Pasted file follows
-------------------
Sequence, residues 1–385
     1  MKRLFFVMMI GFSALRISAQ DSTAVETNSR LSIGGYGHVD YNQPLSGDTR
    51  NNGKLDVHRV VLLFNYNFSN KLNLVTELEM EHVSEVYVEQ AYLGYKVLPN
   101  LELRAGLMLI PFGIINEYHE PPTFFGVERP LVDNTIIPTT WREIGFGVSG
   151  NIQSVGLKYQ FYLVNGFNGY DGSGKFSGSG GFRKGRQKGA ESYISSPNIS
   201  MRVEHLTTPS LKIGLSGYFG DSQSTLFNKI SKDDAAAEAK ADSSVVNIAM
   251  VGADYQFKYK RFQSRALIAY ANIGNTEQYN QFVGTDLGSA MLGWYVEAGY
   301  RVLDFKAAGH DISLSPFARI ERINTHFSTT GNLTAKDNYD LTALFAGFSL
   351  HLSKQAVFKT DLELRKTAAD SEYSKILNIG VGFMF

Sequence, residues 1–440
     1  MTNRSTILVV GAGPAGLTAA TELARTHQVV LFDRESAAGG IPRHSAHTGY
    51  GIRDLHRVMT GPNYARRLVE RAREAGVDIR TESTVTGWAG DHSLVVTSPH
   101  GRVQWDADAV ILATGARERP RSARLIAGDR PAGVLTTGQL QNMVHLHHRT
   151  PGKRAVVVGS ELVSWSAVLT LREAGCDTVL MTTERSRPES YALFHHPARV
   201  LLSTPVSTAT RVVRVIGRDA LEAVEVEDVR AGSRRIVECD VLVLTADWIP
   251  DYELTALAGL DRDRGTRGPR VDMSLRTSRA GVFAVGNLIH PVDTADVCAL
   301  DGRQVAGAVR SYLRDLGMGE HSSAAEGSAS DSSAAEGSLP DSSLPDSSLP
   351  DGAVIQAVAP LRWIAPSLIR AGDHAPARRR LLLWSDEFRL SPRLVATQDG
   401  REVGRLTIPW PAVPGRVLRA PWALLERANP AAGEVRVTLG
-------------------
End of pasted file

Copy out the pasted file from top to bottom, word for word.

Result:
Sequence, residues 1–385
     1  MKRLFFVMMI GFSALRISAQ DSTAVETNSR LSIGGYGHVD YNQPLSGDTR
    51  NNGKLDVHRV VLLFNYNFSN KLNLVTELEM EHVSEVYVEQ AYLGYKVLPN
   101  LELRAGLMLI PFGIINEYHE PPTFFGVERP LVDNTIIPTT WREIGFGVSG
   151  NIQSVGLKYQ FYLVNGFNGY DGSGKFSGSG GFRKGRQKGA ESYISSPNIS
   201  MRVEHLTTPS LKIGLSGYFG DSQSTLFNKI SKDDAAAEAK ADSSVVNIAM
   251  VGADYQFKYK RFQSRALIAY ANIGNTEQYN QFVGTDLGSA MLGWYVEAGY
   301  RVLDFKAAGH DISLSPFARI ERINTHFSTT GNLTAKDNYD LTALFAGFSL
   351  HLSKQAVFKT DLELRKTAAD SEYSKILNIG VGFMF

Sequence, residues 1–440
     1  MTNRSTILVV GAGPAGLTAA TELARTHQVV LFDRESAAGG IPRHSAHTGY
    51  GIRDLHRVMT GPNYARRLVE RAREAGVDIR TESTVTGWAG DHSLVVTSPH
   101  GRVQWDADAV ILATGARERP RSARLIAGDR PAGVLTTGQL QNMVHLHHRT
   151  PGKRAVVVGS ELVSWSAVLT LREAGCDTVL MTTERSRPES YALFHHPARV
   201  LLSTPVSTAT RVVRVIGRDA LEAVEVEDVR AGSRRIVECD VLVLTADWIP
   251  DYELTALAGL DRDRGTRGPR VDMSLRTSRA GVFAVGNLIH PVDTADVCAL
   301  DGRQVAGAVR SYLRDLGMGE HSSAAEGSAS DSSAAEGSLP DSSLPDSSLP
   351  DGAVIQAVAP LRWIAPSLIR AGDHAPARRR LLLWSDEFRL SPRLVATQDG
   401  REVGRLTIPW PAVPGRVLRA PWALLERANP AAGEVRVTLG